Because the US Congress failed to pass an appropriations bill on September 30, government offices and services that are deemed nonessential have shut down. Ars Technica has a chart of which federal websites are available and which aren’t, while Quartz.com explains the seeming arbitrariness of the website shutdowns.
Here’s a snapshot of how the library community is affected until the budget situation is resolved:
- The Library of Congress buildings are closed to the public, and its website is inaccessible, except for THOMAS, Congress.gov, and Cataloger’s Desktop. However, the Internet Archive’s Wayback Machine still offers access to LC and other agencies before their websites went dark.
- The National Library Service for the Blind and Physically Handicapped is closed.
- All federally funded presidential libraries and all National Archives facilities are closed (except for the Federal Records Centers and the Federal Register).
- The Smithsonian and other federal museums and galleries are closed.
- Federal agencies are not engaging in social media, and federal workers are barred from reading their email during the shutdown. The Federal Communications Commission (FCC) cautioned that online filing and receipt of surface mail is suspended and that filing deadlines are extended until the day after the shutdown ends.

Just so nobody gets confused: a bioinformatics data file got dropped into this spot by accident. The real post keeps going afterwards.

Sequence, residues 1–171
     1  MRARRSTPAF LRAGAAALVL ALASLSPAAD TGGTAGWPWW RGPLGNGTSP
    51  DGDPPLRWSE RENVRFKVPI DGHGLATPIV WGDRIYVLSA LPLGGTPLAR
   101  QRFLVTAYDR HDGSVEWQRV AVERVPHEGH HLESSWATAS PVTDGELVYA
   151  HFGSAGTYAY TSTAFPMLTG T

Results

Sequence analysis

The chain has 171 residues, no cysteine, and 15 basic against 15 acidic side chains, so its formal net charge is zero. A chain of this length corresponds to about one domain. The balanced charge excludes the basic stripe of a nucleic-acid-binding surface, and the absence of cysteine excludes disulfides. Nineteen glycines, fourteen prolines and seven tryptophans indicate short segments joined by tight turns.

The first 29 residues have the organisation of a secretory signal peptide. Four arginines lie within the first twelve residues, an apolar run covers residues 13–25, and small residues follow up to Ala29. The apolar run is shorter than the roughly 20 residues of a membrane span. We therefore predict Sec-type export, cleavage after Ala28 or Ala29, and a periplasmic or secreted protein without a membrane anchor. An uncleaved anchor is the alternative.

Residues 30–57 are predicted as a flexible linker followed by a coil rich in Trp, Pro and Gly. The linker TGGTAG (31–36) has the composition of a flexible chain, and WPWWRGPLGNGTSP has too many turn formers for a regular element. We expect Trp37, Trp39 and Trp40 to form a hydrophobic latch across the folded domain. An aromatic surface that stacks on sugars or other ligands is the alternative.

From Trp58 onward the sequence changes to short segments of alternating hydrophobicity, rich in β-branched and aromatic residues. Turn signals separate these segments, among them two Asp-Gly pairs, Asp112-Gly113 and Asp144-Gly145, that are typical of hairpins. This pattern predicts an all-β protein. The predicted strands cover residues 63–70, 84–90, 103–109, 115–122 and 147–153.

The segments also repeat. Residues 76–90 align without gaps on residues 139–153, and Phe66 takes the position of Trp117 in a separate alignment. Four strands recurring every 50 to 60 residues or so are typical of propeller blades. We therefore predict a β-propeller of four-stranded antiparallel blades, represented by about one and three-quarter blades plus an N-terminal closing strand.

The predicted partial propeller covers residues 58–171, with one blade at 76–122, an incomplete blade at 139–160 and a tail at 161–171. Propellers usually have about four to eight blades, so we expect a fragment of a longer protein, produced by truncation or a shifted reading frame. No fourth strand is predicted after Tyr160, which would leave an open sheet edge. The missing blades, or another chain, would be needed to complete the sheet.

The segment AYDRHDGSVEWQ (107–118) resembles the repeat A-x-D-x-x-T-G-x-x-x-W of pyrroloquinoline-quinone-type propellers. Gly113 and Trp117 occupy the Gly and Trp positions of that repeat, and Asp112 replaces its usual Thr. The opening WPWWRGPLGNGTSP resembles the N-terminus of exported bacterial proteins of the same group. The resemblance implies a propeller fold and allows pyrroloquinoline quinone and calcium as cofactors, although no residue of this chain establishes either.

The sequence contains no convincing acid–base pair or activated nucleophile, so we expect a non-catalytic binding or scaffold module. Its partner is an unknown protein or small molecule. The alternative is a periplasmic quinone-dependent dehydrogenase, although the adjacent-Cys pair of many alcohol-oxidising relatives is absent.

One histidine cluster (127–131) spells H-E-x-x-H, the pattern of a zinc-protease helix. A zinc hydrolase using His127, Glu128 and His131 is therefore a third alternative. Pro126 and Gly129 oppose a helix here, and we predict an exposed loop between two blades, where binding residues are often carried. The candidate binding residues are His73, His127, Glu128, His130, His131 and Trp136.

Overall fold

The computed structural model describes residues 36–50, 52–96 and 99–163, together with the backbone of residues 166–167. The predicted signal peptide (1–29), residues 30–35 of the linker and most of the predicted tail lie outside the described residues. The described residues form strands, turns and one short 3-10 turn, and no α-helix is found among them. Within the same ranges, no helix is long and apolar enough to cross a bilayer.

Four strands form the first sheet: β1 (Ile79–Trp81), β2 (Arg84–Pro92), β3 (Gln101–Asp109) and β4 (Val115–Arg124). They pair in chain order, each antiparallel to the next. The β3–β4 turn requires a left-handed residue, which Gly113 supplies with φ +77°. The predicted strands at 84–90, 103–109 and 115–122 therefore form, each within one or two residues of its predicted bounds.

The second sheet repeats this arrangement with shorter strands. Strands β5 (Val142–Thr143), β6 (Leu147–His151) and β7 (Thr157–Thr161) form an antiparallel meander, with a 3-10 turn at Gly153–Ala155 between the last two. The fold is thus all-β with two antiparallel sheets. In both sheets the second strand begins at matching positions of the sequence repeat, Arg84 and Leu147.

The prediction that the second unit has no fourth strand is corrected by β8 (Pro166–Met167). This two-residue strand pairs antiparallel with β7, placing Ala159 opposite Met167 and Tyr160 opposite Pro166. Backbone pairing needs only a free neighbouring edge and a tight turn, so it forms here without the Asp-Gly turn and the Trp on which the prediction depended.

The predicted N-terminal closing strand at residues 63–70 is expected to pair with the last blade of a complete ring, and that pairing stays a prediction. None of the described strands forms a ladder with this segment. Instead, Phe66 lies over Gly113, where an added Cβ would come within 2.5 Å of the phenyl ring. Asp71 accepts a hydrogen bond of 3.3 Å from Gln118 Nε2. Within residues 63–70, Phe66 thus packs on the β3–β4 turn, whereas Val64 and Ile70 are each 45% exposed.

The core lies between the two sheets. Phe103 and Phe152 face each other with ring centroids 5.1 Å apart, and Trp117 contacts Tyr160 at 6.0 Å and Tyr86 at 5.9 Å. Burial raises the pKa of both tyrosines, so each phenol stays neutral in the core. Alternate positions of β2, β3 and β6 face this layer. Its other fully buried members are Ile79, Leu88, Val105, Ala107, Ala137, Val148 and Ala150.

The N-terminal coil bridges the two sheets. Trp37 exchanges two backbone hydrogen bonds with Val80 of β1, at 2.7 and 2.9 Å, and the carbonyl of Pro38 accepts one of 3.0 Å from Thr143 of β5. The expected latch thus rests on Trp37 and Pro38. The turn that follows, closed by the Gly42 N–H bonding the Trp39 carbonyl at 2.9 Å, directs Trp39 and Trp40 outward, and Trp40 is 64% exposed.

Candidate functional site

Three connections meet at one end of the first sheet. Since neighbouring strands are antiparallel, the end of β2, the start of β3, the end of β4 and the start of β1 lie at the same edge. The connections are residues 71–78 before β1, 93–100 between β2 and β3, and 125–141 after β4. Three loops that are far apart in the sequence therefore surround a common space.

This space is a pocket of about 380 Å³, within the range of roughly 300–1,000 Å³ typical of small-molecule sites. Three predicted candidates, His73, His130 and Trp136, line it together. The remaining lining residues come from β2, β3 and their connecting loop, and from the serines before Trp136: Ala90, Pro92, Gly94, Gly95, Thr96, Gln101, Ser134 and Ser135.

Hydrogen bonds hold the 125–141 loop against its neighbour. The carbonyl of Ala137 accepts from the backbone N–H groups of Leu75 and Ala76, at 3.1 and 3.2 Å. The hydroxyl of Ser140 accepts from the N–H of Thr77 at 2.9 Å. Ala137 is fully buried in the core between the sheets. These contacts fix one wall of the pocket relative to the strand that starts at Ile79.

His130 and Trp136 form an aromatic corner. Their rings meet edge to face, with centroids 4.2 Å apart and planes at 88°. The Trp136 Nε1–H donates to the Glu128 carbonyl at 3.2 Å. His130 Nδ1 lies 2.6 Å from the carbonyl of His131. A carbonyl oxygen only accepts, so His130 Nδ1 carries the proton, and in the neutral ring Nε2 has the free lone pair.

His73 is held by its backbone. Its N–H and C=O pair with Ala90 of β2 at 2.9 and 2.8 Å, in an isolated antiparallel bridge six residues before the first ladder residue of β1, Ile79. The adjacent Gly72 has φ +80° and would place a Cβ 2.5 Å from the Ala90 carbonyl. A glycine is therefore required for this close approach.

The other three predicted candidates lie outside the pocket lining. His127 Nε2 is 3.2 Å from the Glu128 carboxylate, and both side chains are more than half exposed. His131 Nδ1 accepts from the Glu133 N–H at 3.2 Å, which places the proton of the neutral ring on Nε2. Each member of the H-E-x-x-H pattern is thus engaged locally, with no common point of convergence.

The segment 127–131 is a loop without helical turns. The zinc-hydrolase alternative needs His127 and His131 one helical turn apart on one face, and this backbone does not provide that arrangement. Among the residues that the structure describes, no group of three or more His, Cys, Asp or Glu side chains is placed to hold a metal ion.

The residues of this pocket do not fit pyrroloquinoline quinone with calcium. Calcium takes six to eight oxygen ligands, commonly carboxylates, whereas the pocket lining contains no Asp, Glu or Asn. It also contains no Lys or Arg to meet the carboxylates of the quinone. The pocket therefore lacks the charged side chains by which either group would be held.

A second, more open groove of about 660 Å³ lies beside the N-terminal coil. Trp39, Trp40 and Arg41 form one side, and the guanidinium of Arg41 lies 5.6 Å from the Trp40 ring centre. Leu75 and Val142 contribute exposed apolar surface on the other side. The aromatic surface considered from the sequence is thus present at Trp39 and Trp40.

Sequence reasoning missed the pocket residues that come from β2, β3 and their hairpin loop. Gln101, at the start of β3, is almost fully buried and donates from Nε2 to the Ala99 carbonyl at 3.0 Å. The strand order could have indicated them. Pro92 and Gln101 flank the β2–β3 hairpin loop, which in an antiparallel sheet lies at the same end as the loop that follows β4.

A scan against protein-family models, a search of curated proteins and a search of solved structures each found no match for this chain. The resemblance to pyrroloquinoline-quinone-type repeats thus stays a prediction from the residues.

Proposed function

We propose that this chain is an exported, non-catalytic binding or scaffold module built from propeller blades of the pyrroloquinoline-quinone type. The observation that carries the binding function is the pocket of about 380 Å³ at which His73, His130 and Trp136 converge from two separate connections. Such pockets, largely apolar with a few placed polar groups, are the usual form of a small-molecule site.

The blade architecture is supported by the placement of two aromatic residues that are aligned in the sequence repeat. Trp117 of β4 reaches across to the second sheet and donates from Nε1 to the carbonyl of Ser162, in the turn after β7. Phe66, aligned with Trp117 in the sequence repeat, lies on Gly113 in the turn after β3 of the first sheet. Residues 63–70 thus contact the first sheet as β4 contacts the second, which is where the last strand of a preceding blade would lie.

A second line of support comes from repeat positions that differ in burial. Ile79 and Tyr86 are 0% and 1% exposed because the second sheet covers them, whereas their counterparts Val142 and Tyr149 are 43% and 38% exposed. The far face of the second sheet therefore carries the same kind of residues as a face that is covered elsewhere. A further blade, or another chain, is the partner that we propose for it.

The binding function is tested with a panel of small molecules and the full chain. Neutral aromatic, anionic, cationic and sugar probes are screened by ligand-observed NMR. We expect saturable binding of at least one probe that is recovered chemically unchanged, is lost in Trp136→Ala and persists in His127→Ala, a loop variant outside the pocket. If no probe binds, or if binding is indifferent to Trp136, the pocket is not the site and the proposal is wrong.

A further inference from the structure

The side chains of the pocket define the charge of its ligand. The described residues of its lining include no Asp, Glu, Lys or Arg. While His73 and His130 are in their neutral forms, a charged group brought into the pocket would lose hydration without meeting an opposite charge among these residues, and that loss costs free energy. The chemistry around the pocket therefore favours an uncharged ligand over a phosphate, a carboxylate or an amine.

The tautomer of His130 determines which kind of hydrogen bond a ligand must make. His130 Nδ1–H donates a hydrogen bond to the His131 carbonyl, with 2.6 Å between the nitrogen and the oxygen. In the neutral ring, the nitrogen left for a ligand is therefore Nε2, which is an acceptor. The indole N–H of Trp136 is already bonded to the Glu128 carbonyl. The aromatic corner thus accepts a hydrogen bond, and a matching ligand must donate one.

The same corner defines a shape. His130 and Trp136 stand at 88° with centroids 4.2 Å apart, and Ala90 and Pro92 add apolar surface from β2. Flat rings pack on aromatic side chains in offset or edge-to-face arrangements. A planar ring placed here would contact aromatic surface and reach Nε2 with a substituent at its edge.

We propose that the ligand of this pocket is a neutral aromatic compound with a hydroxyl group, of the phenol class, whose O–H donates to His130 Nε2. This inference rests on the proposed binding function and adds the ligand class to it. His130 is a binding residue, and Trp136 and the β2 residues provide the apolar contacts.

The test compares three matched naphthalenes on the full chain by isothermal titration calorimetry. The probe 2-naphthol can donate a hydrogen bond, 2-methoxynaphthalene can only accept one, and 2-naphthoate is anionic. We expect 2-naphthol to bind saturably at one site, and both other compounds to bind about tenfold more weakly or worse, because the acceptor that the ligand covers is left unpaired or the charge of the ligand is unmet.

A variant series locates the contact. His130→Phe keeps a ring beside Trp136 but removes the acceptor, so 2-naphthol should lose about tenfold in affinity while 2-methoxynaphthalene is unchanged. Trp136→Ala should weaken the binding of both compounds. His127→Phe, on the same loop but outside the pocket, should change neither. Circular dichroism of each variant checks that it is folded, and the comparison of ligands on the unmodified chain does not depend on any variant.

- ERIC is searchable on EBSCO, but links pointing to eric.ed.gov are inaccessible. However, G5, the Education Department’s grants management system, is up and running.
- The Universal Service Administrative Corporation, which manages the e-rate program is not a federal agency and is not directly impacted by the shutdown. But, since the FCC hears e-rate appeals by applicants, this activity will be suspended until the shutdown ends, Wisconsin State E-rate Support Manager Bob Bocher toldAmerican Libraries. Also, a major e-rate program review by the FCC has halted for the time being.
- District of Columbia Mayor Vincent Gray declared (PDF file) all municipal departments in the District to be essential, including the District of Columbia public libraries, thus evading the shutdown crisis there.
- A decision in the Authors Guild v. Google Books lawsuit, where fair-use principles in the digital world hang in the balance, could be delayed if the shutdown lasts for more than 14 days, after which the federal court system is expected to close for lack of operating funds.
- The Chronicle of Higher Education described September 30 how a prolonged shutdown would affect academe.